How to Get Rid of a President by David Priess

Title: How to Get Rid of a President: History’s Guide to Removing Unpopular, Unable, or Unfit Chief Executives
Author: David Priess
Publisher: PublicAffairs
Publication Date: 11/13/2018
Classification: Nonfiction, Politics

Every president’s time in office is fleeting and, willingly or not, they’ve each had to turn power over to the next person. After two terms, President George Washington, the original, happily stepped aside upon the election of John Adams. William Henry Harrison wasn’t so lucky, becoming the first president to die in office after a mere thirty-one days. For each person who assumes the great position, it’s much less a question of when they’ll leave, but, rather, how they’ll leave.

Author David Priess explores this expertly, considering how each of the previous forty-four presidents have ultimately left the highest office in the land. The result is a compendium of vignettes suggesting the typical transition of power in the United States has been anything but peaceful. Impeachment remains the most obvious way of removing a president, but it remains one of the least used methods. After all, Richard Nixon resigned over the pressure from growing bipartisan calls for his impeachment. And George H.W. Bush was knocked aside during his reelection bid—the most democratic was of removing a president.

Reading about the more famous stories are fascinating, but Priess excels when he gets deep into the research of less obvious cases. He breaks the book up by listing the various ways a president can be removed, ranging from losing an election to being declared unable to serve. The latter section is particularly startling. His portrait of Henry Clay, who consistently lost out on the presidency through various circumstances, also deserves special mention. For being so brief, it’s deeply effective.

It’s hard to imagine this type of book being releasedwithout the current backdrop in American politics. For anyone hesitant to pickup another book featuring forty-five, it should be noted that he’s onlymentioned briefly, though he creeps over each page. The good news is that,within these pages, it becomes apparent that we’ve seen serious tribulationsbefore and we always manage to get through them. The only question is, how?

Author’s Website | Goodreads

Note: I received a free ARC of this book through NetGalley.


A Dad of His Own by Minna Howard

40879272Title: A Dad of His Own
Author: Minna Howard
Publisher: Aria
Publication Date: 08/21/2018
Classification: Romance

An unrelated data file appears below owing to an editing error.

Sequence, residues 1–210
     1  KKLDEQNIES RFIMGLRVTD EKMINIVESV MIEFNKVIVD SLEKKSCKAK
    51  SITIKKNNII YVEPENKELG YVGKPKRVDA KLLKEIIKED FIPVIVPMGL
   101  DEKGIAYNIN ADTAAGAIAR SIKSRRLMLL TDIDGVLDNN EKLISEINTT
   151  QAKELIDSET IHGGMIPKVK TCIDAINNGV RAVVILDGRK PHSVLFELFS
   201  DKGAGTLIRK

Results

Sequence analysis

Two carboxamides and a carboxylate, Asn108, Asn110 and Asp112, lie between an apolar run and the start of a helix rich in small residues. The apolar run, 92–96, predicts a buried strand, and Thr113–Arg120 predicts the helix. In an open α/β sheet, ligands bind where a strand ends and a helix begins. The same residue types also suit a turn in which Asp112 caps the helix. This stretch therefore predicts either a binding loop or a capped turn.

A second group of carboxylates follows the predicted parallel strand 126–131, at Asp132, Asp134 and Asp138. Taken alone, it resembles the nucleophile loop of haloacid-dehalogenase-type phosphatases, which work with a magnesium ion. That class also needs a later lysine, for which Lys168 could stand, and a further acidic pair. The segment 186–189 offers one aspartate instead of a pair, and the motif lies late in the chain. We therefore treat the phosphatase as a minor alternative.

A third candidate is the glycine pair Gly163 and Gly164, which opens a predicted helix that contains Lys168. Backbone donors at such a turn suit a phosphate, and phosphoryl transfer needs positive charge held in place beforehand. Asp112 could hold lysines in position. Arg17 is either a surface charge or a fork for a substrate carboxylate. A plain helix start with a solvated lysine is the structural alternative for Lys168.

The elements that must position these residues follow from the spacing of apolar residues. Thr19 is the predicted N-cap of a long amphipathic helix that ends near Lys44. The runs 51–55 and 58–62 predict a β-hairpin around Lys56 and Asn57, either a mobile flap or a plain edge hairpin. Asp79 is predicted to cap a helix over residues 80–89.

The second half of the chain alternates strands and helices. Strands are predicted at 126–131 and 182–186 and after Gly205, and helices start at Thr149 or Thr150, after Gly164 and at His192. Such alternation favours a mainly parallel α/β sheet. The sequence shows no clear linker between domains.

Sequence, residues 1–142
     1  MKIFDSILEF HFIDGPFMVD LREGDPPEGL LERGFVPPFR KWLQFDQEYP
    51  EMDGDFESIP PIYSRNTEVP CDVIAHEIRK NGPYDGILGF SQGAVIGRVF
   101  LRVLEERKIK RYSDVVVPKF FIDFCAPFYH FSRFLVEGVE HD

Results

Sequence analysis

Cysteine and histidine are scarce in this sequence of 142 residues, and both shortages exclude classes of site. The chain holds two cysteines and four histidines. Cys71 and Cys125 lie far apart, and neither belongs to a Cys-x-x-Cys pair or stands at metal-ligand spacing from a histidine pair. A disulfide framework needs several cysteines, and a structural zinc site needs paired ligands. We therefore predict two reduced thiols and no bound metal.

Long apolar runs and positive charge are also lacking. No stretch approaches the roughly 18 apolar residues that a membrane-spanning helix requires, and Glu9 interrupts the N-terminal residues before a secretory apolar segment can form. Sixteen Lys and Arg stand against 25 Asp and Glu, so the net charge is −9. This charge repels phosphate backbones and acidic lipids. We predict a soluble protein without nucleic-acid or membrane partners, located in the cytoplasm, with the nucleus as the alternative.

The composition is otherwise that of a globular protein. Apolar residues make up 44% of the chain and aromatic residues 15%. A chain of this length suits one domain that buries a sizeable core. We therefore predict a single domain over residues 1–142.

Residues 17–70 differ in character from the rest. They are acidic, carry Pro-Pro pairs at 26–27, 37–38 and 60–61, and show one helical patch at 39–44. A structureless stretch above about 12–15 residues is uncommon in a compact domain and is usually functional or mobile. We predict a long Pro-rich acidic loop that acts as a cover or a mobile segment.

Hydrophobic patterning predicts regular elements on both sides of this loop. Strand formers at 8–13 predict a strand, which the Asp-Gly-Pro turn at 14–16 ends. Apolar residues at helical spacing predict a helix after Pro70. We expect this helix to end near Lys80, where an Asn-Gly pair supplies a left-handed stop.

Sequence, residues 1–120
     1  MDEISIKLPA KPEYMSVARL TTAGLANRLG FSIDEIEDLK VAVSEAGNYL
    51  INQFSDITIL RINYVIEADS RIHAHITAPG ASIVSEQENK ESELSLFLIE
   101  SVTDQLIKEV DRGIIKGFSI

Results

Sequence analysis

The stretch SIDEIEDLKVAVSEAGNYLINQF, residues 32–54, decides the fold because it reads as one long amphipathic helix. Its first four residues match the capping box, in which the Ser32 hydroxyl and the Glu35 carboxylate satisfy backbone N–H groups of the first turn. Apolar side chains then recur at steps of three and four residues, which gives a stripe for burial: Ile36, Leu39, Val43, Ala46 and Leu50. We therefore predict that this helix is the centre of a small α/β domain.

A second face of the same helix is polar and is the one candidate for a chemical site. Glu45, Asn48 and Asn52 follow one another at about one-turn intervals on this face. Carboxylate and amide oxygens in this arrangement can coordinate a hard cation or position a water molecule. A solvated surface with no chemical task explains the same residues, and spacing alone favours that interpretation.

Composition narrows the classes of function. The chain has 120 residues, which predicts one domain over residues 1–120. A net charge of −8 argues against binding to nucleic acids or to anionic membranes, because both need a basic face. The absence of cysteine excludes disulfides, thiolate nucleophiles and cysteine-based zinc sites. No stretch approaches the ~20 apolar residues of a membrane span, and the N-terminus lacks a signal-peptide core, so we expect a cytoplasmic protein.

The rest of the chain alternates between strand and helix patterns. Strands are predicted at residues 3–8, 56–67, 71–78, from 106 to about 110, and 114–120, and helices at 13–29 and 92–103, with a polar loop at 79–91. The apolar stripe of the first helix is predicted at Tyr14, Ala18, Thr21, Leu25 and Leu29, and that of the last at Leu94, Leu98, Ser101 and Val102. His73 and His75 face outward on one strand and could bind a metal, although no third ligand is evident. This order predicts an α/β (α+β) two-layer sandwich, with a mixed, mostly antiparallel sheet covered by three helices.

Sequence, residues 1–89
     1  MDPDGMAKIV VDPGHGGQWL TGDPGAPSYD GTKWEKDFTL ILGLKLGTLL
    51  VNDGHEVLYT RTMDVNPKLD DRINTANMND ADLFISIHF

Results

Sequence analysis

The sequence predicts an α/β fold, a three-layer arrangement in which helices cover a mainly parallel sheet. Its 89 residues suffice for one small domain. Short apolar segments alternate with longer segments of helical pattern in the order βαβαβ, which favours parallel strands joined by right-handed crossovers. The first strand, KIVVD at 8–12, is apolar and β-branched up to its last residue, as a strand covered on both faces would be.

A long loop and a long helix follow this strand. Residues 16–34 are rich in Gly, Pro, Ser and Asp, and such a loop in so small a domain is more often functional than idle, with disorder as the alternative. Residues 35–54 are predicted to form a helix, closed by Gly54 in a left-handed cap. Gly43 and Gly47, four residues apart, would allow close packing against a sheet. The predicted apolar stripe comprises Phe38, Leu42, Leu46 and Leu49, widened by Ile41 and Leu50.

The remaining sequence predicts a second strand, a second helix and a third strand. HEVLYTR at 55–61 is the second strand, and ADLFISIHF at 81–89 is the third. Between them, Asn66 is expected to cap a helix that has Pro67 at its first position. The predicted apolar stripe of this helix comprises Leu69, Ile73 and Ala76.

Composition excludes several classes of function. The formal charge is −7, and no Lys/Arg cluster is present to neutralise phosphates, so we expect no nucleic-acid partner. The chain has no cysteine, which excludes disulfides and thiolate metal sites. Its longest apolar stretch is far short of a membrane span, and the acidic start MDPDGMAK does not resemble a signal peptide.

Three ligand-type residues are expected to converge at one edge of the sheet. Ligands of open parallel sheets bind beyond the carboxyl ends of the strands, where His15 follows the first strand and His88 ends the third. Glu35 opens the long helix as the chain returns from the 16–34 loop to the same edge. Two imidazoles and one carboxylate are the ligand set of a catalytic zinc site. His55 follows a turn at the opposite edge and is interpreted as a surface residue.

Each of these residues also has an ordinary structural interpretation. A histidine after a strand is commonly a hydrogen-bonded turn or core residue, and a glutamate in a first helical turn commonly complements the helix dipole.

Anna and her seven-year-old son, Freddie, are living a dream: house-sitting a castle over the Christmas season. However, not everything is perfect. What Freddie wants more than anything is a father after his own tragically died in a car accident before he was born. As the two settle into their new community, Anna begins to wonder if there’s a special someone who could help with this Christmas wish.

Author Minna Howard has crafted an incredibly sweet winter tale.

There are a lot of wonderful characters lurking around the village, and the most enjoyable parts of this novel are when Anna and Freddie mingle with their neighbors. A flood destroys portions of the town early on, requiring neighbors to come together for a successful Christmas. This sense of community works beautifully and is really the essence of the story that Howard returns to in scene after scene.

And, of course, there aren’t many things more charming than a castle during winter.

Some of the action is drawn out, and there are moments that could have been trimmed. Some of this stems from Anna’s inability to make solid decisions, causing some reputation as she goes over events. However, the great setting and fun characters kept things moving, making for a fun book.

Note: I received a free ARC of this book through NetGalley.

Author’s Twitter | Goodreads

Note: I received an ARC of this book through NetGalley.


Secrets and Scones by Laurel Remington

Title: Secrets and Scones
Author: Laurel Remington
Publisher: Sourcebooks Jabberwocky
Publication Date: 11/06/2018
Classification: Middle Grade

Scarlett’s mother is a mommy blogger like no other,constantly writing about every moment in her daughter’s life for the world to read. So, she hatches a plan to become totally boring, depriving her mom of new material. However, when her elderly neighbor is rushed to the hospital after a fall, leaving her cat wailing for food, Scarlett discovers the glorious next-door kitchen practically begging her to bake. But can she really keep her cooking(and a new friend) a secret?